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Sooty

New Member
I dont agree with what he says about Moz why should he tell people his sexuality, you woudnt demand someone in the street to tell you there sexuality so its really up to Morrissey if he wants to or not. I think he is quite similar to Morrissey in some ways but although Bloc Pary are good there nowhere near as good as he thinks they are.
 
L

lightupvirginmary

Guest
I find it baffling how he assumes Morrissey is gay, when the man himself has said several times that he isn't.
Have you seen the November Spawned a Monster video? :p

I think it's interesting Kele was so open to Attitude, hes very reticent to the NME etc.
 

nightandday

New Member
Have you seen the November Spawned a Monster video? :p
You're off-topic, eh? I don't see the relevance of the November Spawned a Monster to either 1) Kele, 2) Kele's interview, 3) Morrissey's sexuality. :confused: Although, Beavis and Butthead thought he was humping a rock, are you trying to say he's rockasexual? :)

I find it funny that Kele comes off as so open-minded about sexuality, he understands that not everything is black and white, he says straight men may fall in love with men and straight women may have sex with women, etc. etc... But then, lo and behold, Morrissey's sexuality is "obvious" to Kele, apparently he knows more about it than Morrissey himself! Well, isn't it wonderful that everybody's sexuality is so complicated, with the exception of Morrissey - apparently, his is so simple, clear-cut and obvious!! :p
 

moz'art girl

oh la la
Why does he inflict us his views on sexuality? He is a musician, so why would I be interested in his sexuality? What is the link with music? He should let Morissey alone and mind his own business...
 

nightandday

New Member
Why does he inflict us his views on sexuality? He is a musician, so why would I be interested in his sexuality?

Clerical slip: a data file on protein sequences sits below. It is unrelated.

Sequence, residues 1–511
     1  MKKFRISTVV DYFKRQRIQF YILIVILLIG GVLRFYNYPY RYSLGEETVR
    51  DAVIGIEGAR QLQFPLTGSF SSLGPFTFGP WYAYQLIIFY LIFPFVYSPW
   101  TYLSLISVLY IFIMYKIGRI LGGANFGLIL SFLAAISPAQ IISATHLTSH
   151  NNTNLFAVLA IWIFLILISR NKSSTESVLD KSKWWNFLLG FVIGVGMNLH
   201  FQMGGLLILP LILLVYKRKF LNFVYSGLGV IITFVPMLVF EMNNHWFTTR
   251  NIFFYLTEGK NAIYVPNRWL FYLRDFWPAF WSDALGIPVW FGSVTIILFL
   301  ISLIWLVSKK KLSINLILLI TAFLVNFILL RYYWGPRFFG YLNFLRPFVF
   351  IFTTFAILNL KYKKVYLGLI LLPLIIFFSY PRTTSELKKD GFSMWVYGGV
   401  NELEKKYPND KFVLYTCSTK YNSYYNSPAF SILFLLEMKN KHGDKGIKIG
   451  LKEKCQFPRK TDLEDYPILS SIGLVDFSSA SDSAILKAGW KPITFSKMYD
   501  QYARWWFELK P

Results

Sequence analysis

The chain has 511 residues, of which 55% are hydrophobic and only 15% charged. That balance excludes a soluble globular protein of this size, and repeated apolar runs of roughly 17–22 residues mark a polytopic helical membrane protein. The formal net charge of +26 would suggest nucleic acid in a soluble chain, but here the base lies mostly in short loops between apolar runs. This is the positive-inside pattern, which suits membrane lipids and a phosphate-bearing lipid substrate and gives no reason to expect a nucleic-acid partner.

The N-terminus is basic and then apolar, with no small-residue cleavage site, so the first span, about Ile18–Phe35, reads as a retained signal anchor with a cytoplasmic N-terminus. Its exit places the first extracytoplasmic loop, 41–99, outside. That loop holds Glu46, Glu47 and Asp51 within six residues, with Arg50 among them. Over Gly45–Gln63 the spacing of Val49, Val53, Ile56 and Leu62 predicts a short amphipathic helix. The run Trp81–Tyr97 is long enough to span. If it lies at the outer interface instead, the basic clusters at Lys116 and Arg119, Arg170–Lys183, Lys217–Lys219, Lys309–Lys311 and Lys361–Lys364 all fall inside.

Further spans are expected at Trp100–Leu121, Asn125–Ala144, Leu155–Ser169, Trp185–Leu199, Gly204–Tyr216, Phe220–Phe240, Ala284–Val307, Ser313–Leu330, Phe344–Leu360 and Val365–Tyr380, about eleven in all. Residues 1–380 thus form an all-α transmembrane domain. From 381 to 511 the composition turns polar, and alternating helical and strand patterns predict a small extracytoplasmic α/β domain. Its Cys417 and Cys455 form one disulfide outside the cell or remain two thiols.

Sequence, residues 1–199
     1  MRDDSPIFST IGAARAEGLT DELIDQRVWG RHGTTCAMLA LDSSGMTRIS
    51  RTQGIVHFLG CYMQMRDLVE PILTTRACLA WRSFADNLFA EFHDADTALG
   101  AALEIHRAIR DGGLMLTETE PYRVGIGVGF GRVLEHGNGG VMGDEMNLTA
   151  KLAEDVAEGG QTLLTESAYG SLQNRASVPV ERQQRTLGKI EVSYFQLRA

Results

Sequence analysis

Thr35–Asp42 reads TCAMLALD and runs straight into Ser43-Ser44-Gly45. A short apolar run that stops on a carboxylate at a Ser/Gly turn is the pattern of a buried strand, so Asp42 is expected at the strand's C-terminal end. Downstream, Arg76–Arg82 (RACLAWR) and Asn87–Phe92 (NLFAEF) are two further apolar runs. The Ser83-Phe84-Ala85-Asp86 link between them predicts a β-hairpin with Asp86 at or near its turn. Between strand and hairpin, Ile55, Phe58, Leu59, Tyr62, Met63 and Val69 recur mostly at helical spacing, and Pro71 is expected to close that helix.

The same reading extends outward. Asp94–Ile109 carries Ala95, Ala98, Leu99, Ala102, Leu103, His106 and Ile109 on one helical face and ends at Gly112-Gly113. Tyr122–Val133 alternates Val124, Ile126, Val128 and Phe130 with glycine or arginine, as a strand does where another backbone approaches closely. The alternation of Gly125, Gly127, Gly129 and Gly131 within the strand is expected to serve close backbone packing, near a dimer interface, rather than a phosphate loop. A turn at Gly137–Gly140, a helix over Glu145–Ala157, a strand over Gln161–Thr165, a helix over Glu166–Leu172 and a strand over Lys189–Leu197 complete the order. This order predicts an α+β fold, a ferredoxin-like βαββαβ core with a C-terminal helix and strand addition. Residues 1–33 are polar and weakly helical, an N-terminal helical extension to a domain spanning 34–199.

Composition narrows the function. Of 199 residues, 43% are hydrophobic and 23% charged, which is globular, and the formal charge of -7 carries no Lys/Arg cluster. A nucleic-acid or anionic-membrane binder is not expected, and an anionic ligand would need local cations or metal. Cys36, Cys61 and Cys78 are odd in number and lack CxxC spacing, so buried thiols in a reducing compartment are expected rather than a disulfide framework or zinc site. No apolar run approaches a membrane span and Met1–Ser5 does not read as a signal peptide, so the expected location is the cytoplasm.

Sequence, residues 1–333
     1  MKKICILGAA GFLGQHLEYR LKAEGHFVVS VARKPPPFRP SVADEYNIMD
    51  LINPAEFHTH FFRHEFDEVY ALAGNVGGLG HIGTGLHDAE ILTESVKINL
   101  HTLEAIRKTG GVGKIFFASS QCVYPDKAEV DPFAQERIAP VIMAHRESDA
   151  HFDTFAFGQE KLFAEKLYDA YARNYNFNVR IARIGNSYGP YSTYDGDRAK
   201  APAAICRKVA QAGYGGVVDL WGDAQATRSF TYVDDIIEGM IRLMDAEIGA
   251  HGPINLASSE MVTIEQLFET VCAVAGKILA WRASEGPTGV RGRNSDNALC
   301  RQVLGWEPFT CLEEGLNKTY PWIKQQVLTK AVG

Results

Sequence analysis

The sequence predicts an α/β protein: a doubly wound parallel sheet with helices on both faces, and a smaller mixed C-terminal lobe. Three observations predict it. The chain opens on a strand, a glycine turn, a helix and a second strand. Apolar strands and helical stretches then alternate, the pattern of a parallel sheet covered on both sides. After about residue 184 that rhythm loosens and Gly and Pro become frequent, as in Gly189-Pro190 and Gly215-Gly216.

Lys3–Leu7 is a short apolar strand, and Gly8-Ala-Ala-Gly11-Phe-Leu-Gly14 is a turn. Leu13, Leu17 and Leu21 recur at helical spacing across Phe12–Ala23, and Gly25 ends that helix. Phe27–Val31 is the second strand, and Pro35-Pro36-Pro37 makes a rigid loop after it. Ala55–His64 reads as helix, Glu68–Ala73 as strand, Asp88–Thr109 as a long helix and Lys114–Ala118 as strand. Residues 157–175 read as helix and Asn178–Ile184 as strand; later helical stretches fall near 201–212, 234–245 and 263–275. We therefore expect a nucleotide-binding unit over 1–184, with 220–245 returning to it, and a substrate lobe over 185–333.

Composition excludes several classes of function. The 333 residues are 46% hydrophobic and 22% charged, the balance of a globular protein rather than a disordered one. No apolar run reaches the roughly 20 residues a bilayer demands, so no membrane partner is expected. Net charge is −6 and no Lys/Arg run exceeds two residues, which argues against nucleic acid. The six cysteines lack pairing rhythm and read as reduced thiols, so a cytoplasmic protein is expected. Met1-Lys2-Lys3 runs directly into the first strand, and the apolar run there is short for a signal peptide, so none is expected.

Because it was an interview for a gay magazine (Attitude). So it's not surprising that he felt compelled to elaborate on sexuality being very complicated and explain that heterosexual people aren't entirely heterosexual, but just a few minutes later he is assuming that another musician is gay and criticizing him of not 'coming out'. Apparently, Kele thinks that sexuality is complicated for people who are presumed to be straight - but if you're 'suspected' of being gay, you're gay and that's it. Or he just thinks like that when he's being interviewed for a gay magazine...
 
lol :)
that's funny (and true)


Because it was an interview for a gay magazine (Attitude). So it's not surprising that he felt compelled to elaborate on sexuality being very complicated and explain that heterosexual people aren't entirely heterosexual, but just a few minutes later he is assuming that another musician is gay and criticizing him of not 'coming out'. Apparently, Kele thinks that sexuality is complicated for people who are presumed to be straight - but if you're 'suspected' of being gay, you're gay and that's it. Or he just thinks like that when he's being interviewed for a gay magazine...
 

moz'art girl

oh la la
Because it was an interview for a gay magazine (Attitude). So it's not surprising that he felt compelled to elaborate on sexuality being very complicated and explain that heterosexual people aren't entirely heterosexual, but just a few minutes later he is assuming that another musician is gay and criticizing him of not 'coming out'. Apparently, Kele thinks that sexuality is complicated for people who are presumed to be straight - but if you're 'suspected' of being gay, you're gay and that's it. Or he just thinks like that when he's being interviewed for a gay magazine...
Ah yeah, thanks, :) I had not read the title of the mag.:p
So, well I did not know Kele was graduated in sexology...:cool: He seems to know everything...Great...:rolleyes:
 

jdbabz

Member
I have never viewed morrisseys refusal to talk about his sexuality as shame. He expresses himself through the time old art of song, is that not enough? surely the clues are all there for any fool to follow. I don't like Bloc party ,listened to a weekend in the city. The lyrics are clumsy, his voice slow. He sounds bored.
 

unruly boy

So very sickened.
He mentions 'East London', although Hackney and Hoxton are actually NE London and not really what I would call proper East London. My Old man was born in Hackney and most of my family are from East/NE London. Haven't been to Hackney or Hoxton for a few years but apparently they've always been shitholes, like most of the East End. There are some good boozers in the East End however.

Just thought I'd share! :cool: